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A team of doctors and nurses return a coronavirus patient to a room in the intensive care unit of Purpan Hospital. The hospital has been receiving patients with the coronavirus, COVID19, since the epidemic from China appeared in France and the country has been confined since 17 March 2020. A hundred or so carers take turns working permanently with contaminated hospital patients. 21 April 2020, Toulouse, France.Une equipe de medecins et d infirmieres procedent au retournenement d une patiente atteinte du Coronavirus dans une chambre dans le service de reanimation de l hopital Purpan. L hopital accueille des malades du coronavirus, COVID19, depuis que l epidemie venue de Chine a fait son apparition en France et que le pays est confinee depuis le 17 mars 2020. Une centaine de soignants se relayent en permanence aupres des patients hospitalises contamines. 21 avril 2020, Toulouse, France.NO USE FRANCE
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Estimating potential spending on COVID-19 care

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Editor's Note:

This analysis is part of the USC-Brookings Schaeffer Initiative for Health Policy, which is a partnership between Economic Studies at Brookings and the University of Southern California Schaeffer Center for Health Policy & Economics. The Initiative aims to inform the national health care debate with rigorous, evidence-based analysis leading to practical recommendations using the collaborative strengths of USC and Brookings. 

Zirui Song

Assistant Professor of Health Care Policy - Harvard Medical School

Assistant Professor of Medicine and Internal Medicine Physician - Massachusetts General Hospital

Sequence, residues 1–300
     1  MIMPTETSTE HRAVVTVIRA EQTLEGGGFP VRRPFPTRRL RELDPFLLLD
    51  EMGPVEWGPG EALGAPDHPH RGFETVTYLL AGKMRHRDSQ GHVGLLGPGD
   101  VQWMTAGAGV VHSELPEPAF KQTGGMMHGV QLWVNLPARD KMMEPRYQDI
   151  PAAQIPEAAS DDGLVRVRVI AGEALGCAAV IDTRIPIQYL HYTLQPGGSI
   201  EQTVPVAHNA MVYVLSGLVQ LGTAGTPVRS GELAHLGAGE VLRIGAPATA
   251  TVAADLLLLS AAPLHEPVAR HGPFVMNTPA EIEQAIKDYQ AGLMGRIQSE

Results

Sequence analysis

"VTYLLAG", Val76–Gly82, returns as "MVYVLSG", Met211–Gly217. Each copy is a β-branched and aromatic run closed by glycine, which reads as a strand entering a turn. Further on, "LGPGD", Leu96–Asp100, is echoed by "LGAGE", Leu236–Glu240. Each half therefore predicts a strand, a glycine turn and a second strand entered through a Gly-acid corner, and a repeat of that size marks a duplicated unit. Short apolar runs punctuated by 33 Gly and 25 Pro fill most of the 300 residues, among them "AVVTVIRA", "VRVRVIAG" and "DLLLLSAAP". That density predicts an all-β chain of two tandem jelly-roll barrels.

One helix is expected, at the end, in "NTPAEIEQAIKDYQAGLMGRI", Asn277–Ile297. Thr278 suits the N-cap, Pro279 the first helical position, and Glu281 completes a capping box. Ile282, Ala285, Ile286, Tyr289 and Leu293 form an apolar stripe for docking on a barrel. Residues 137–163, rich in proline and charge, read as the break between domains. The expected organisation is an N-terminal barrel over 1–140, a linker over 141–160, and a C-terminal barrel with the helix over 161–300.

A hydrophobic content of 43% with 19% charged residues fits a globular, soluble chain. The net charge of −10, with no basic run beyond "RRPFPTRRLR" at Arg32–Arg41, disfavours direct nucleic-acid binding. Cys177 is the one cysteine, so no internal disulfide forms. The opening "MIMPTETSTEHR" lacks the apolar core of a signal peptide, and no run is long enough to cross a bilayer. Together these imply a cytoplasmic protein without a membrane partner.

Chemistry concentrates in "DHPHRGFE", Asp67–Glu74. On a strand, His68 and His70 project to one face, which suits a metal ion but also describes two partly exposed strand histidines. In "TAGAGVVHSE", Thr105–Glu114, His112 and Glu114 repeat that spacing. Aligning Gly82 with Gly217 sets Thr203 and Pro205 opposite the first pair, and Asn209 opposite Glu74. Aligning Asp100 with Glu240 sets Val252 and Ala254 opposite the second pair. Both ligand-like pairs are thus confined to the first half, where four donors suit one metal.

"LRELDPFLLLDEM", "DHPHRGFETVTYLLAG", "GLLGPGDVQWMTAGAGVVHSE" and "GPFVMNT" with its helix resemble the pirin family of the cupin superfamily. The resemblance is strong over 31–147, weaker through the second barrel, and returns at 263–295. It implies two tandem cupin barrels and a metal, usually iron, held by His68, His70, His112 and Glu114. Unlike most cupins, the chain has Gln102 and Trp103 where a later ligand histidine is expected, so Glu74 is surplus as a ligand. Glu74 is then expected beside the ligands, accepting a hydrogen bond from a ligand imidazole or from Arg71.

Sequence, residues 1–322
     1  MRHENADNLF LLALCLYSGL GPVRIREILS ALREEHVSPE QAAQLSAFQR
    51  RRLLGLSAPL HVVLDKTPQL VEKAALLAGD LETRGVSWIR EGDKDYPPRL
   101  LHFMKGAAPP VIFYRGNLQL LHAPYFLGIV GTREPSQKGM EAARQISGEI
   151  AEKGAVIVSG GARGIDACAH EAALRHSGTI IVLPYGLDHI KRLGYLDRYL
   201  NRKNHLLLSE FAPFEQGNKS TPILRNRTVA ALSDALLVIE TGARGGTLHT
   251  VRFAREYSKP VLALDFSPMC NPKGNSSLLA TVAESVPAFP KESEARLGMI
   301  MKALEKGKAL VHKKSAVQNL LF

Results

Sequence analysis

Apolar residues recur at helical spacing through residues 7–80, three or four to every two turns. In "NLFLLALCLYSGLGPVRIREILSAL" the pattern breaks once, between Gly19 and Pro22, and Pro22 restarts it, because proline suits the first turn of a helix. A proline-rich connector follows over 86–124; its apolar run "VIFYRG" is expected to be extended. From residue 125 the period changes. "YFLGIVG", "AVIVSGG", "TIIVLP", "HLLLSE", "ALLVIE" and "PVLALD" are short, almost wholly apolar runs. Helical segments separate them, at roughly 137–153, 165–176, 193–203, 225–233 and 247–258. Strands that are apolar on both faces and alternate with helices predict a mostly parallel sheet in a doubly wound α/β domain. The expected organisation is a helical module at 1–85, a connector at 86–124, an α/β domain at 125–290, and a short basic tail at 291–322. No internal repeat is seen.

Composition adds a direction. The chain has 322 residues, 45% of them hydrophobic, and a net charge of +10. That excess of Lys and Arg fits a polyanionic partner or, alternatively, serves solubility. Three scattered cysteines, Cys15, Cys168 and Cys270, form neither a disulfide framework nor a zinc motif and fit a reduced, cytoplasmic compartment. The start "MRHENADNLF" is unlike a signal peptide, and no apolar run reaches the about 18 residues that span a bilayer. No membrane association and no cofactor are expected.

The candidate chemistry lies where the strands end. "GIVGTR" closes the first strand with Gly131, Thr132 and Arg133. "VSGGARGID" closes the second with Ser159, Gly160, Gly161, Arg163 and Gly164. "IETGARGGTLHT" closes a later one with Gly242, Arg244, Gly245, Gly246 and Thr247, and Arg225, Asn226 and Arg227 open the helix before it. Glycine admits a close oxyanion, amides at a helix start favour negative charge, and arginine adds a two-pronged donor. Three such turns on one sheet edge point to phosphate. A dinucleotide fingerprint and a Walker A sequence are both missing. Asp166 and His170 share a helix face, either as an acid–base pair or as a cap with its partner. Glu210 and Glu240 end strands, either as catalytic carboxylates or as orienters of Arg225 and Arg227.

The COVID-19 pandemic is causing large shifts in health care delivery as hospitals and physicians mobilize to treat COVID-19 patients and defer nonemergent care. These shifts carry major financial implications for providers, payers, and patients. This analysis seeks to quantify one dimension of these financial consequences: the amounts that will be spent on direct COVID-19 care in the U.S.

Projecting spending on COVID-19 care is difficult because much about the disease and its future course is uncertain. Two dimensions of uncertainty loom particularly large for this analysis: (1) what share of people will ultimately be infected with SARS-Cov-2, the virus that causes COVID-19; and (2) what share of infected people will be hospitalized in the U.S. In light of this uncertainty, this analysis presents a range of spending estimates that reflect the uncertainty along both of these dimensions.

In brief, we consider two nationwide cumulative infection rates: 5% (which roughly corresponds to a scenario in which infections are, on average, driven to a low level over the coming weeks and there is no substantial “second wave” of infections) and 60% (which corresponds to poorly controlled spread of the virus, including scenarios with a large “second wave”). We then consider a range of hospitalization rates among people infected with SARS-Cov-2. In our base estimates, we use age-specific hospitalization rates derived from an analysis of recently reported data for New York City, which imply a 1.9% hospitalization rate on average across the U.S. age distribution. To reflect the uncertainty around these base estimates, we also consider hospitalization rates ranging from half as large to twice as large.

Our analysis does not account for how new COVID-19 treatments—including remdesivir, for which some encouraging preliminary data were released on April 29—might affect spending. In general, these treatments could add additional spending, but could also generate offsetting savings, notably by reducing the duration or intensity of hospitalizations. We leave estimating these effects to future work.

Turning to our estimates, if 5% of the U.S. population is ultimately infected, we estimate that aggregate spending on COVID-19 care will be relatively modest. Even if infected people are hospitalized at the highest rates we consider, aggregate COVID-19 spending would be only 1.0% of baseline health care spending, as illustrated in Figure 1. (Here and throughout, we use the phrase “baseline health care spending” to refer to the spending projected for 2020 prior to the emergence of COVID-19.) COVID-19 spending is only 1.3% of baseline spending among people with Medicare, 1.2% of baseline sending among people with commercial insurance, and 0.7% of baseline spending for people covered by Medicaid and the Children’s Health Insurance Program (CHIP), as illustrated in Figure 2.